The masters are a dying “breed;” only the noble and accredited can save them; only the “pure” music should be reproduced. Only those capable need apply. This music can’t be made by just anyone. That is an affront to meritocracy itself, to the American mythos.
I spent time torturing myself when I could have been freeing myself. Why? So that I can become the prized model minority? So that I can influence others but never speak in a voice that is my own?
Terms and conditions apply
This is the world of pedigree and privilege. This is Classical Music, whose funders—the Kochs, Epsteins, Sacklers, and leftover blood gleaned by vampire squids—are striving to get younger, to get more diverse, bring in new audiences, even as they would send us straight into austerity hell-holes: children unschooled, the sick left to die, our homes crumbling. They endow us lead-laden lobes, lungs filled with asbestos, petrochemical blood.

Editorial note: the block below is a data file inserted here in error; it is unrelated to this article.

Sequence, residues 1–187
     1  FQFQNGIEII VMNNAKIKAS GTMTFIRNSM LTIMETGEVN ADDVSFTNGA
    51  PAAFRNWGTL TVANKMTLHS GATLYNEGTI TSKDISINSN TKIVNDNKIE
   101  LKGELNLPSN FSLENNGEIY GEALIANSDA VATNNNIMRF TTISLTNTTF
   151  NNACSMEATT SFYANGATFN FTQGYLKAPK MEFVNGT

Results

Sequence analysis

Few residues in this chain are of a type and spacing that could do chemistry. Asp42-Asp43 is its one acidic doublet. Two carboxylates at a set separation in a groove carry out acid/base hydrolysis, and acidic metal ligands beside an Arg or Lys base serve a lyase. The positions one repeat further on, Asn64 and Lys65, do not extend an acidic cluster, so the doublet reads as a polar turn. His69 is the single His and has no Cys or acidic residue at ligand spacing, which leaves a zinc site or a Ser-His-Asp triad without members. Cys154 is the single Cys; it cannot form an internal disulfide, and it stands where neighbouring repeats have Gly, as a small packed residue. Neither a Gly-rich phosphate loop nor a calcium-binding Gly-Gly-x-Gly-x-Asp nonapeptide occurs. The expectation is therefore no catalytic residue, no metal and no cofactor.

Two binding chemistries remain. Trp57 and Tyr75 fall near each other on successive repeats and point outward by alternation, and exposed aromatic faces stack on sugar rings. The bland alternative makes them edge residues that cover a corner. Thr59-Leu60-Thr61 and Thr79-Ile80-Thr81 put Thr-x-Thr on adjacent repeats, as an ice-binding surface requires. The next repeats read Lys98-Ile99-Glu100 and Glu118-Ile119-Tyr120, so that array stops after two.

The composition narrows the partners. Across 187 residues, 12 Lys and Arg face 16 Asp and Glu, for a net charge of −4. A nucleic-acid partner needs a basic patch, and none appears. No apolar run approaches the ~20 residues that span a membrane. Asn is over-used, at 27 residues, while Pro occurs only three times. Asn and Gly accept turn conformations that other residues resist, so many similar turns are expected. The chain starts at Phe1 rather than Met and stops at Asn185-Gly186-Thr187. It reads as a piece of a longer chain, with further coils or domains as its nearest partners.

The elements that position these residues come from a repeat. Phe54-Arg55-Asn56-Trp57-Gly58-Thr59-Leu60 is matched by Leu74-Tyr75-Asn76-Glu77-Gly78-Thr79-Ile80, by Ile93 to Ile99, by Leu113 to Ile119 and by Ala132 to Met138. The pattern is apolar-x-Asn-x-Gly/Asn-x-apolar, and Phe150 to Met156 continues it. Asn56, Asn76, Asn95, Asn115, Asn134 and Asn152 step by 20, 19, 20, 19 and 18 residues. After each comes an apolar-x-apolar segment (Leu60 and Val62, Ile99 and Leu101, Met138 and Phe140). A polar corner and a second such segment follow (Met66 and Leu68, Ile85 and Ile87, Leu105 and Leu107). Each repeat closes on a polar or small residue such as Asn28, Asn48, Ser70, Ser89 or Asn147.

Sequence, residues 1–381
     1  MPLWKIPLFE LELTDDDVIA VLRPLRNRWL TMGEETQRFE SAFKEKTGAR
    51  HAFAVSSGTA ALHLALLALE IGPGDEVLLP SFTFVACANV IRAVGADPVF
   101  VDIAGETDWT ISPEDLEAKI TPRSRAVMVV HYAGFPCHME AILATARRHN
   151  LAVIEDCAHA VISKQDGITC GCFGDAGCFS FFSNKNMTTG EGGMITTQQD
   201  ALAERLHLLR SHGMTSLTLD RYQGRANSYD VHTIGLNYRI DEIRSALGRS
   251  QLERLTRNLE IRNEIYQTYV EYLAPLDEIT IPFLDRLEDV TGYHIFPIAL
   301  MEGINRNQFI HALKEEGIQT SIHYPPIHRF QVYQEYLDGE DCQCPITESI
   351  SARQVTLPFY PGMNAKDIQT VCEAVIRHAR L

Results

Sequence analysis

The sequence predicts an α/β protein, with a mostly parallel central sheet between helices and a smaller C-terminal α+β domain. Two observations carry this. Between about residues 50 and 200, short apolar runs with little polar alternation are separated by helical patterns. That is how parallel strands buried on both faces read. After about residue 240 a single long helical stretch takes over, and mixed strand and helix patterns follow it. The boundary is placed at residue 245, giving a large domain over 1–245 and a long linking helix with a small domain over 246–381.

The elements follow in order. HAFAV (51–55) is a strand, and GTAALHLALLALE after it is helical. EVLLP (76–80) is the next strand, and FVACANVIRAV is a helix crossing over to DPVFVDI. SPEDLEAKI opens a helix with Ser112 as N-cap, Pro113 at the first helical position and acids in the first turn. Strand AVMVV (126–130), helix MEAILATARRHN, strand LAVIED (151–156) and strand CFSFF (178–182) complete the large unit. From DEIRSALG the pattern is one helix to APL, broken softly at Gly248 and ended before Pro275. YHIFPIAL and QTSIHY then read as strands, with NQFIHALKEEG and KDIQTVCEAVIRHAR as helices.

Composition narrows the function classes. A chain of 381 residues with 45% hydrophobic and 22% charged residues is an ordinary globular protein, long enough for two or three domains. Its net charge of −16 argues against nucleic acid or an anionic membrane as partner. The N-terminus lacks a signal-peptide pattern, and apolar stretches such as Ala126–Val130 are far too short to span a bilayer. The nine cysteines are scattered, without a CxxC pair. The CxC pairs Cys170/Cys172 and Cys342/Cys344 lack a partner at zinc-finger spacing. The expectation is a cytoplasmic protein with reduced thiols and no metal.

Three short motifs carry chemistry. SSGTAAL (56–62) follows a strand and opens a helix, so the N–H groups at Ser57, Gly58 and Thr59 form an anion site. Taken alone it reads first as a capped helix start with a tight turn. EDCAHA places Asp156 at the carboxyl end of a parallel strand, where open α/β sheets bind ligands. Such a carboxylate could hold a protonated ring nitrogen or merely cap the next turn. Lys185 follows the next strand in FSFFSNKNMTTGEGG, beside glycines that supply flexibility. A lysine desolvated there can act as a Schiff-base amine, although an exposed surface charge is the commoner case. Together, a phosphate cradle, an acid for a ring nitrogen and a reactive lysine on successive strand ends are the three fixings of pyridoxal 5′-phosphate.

They want the very ground beneath us to cave, so we’re crushed by rubble, and they can identify who’s strong (lucky) enough to excavate ourselves. Our bodies growing immobile, the life dripping out our ears, writing grants to determine our eligibility for a shovel.
Further attention is granted only to those showing “promise.” This means using their graphs, notes, and chords; crossing out the yearning, tears, ornamentation, squeals; putting pen to paper and writing a string quartet for four automatons and making it snappy, but not something you could snap to.
Go out there and colonize! From the wilds bring scores of gold and spice.